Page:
Dead Ends: Assessing transportation barriers among the Able-Bodied Adults Without Dependents (ABAWDs) population in Illinois
Maria Cristina Chicuén,
Dead Ends: Assessing Transportation Barriers among the ABAWD Population in Illinois is the culmination of Maria Cristina’s work at the Illinois Hunger Coalition, where she spent her field placement researching the impact of SNAP work requirements on the Able-Bodied Adults Without Dependents (ABAWDs) population. She focused her HFCR on transportation barriers and how these negatively impact ABAWDs’ ability to attain and sustain long-term employment, and offered policy recommendations that focused on taking a more nuanced approach to employment and training (E&T) programs for ABAWDs.
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Publication tags: Field Reports - ABAWD, Income, Expenses, and Hunger, Transportation - ABAWDs, Urban Communities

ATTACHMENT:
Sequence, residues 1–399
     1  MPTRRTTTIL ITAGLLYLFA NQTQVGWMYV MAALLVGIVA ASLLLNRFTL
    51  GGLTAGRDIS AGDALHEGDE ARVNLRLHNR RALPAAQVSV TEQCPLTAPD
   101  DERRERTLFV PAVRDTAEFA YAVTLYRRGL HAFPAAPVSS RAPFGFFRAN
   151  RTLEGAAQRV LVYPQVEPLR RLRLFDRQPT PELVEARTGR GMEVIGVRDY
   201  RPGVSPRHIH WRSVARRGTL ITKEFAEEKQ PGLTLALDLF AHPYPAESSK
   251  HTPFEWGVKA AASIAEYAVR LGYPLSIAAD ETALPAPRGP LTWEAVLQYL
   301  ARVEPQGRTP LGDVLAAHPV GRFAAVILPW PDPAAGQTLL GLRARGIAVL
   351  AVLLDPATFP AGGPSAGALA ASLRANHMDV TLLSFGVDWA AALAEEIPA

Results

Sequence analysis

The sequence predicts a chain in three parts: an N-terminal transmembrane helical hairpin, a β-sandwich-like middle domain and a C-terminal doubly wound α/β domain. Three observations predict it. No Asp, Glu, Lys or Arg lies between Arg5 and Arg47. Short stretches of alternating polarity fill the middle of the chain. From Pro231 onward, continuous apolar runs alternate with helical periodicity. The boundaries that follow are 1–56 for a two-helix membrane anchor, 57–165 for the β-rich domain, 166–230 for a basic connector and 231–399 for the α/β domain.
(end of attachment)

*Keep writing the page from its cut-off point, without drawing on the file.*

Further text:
Born in Havana, Cuba, María Cristina was raised in Miami, FL, and graduated from Stanford University in 2017 with a B.A. in Human Biology and a concentration in Sustainable Food System Development. While at Stanford, she centered her studies on obesity prevention, food waste reduction, and health policy, working closely with minority communities in East Palo Alto, San Francisco, and Miami. As a sophomore, María Cristina worked with the Stanford Prevention Research Center as a Nutrition Interventionist, helping implement a community-based trial to promote wellness in Latino neighborhoods. After receiving a grant from the Haas Center for Public Service, María Cristina interned with the Urban Oasis Project in Miami, where she worked to promote and increase low-income communities’ usage of Electronic Benefit Transfer (EBT) cards at farmers markets. As a senior, she worked as an Undergraduate Teaching Assistant (TA) in Health Care in America: An Introduction to U.S. Health Policy, where she led weekly discussion sections for undergraduates on topics focusing on the Affordable Care Act. Maria Cristina also worked closely with Stanford’s Hasso Plattner Institute of Design on projects related to food waste, sustainable agriculture, urban development, and civic engagement. As an Emerson Fellow, her hope is to become a champion of minority empowerment, social entrepreneurship, and anti-discrimination.
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